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Missouri wants to teach students to be better humans through social-emotional learning

Students inside an elementary school classroom sit with their back to the camera. A teacher sits at the head of the class talking to them.
Carlos Moreno
KCUR 89.3
At least 27 states have implemented some form of social-emotional learning standards in their schools.

Poor classroom behavior is pushing some teachers out of the profession. The Missouri Department Elementary and Secondary Education wants to implement learning standards including self-awareness, respect and empathy.

Since the COVID-19 school closures, student behavior that is disruptive to the classroom setting has reportedly grown worse.

"Teachers are finding it really difficult to to teach the curriculum that they're being instructed to teach simply because they can't get past the student misbehavior and disciplinary issues in the classroom," said Jen Foster, PhD, co-chair of the social-emotional learning standards work group developed by the Missouri Department of Elementary and Secondary Education.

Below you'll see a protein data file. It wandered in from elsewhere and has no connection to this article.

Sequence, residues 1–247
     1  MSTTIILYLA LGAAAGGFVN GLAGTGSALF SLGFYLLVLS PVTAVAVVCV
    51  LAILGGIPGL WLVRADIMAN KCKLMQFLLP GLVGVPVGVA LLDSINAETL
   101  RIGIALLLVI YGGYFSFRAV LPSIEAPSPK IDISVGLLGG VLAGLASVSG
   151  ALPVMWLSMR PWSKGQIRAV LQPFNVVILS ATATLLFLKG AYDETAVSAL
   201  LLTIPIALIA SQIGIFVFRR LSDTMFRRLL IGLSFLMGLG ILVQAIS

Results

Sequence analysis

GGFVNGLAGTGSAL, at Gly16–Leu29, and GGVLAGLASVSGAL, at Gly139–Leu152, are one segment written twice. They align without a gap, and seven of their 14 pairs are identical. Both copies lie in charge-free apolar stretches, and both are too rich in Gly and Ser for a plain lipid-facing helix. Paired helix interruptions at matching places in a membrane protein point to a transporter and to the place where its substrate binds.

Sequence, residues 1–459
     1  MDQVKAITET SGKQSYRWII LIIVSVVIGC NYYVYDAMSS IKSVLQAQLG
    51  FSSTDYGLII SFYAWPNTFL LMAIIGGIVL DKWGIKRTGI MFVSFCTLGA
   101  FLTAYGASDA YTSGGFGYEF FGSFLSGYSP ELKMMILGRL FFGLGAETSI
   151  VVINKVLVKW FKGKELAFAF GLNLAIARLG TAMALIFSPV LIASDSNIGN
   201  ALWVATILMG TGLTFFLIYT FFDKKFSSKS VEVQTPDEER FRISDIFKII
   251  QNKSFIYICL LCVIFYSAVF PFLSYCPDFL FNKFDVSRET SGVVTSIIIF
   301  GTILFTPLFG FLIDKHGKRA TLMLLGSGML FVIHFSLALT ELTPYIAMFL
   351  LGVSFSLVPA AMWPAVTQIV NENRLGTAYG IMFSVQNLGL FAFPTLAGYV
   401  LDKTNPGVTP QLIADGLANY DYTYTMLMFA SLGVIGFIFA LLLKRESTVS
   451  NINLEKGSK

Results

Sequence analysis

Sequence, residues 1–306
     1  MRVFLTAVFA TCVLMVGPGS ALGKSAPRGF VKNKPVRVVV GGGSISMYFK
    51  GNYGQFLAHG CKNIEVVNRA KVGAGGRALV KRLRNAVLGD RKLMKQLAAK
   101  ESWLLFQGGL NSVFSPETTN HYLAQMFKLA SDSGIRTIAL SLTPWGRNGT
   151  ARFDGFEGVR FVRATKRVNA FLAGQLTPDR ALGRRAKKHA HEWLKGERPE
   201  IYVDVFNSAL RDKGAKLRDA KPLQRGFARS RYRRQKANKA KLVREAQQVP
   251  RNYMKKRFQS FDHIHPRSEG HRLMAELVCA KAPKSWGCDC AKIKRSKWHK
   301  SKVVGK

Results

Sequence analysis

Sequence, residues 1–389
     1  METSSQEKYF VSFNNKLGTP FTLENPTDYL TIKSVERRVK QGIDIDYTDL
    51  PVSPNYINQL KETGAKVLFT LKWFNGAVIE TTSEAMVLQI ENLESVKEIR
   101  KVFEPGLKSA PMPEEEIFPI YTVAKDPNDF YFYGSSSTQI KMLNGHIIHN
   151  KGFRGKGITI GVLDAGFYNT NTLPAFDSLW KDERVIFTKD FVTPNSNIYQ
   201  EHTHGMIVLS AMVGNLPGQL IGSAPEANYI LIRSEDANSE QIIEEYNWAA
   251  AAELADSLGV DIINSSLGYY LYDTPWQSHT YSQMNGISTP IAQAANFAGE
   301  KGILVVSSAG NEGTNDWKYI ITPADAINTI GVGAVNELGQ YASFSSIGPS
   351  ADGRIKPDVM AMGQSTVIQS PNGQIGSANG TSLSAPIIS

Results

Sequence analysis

A work group of educators, counselors and mental health experts are working to formally introduce social-emotional standards into K-12 education. The standards are designed to make students more aware and accountable for how their actions affect themselves and those around them.

"It allows students to develop those coping skills to be able to manage their own behaviors, and helps to create a more productive learning environment within the classroom. So more learning can happen because the students have the abilities and skills to recognize and manage their own behaviors and emotions," said Chrissy Bashore, coordinator of school counseling and student wellness at the Missouri Department of Elementary and Secondary Education.

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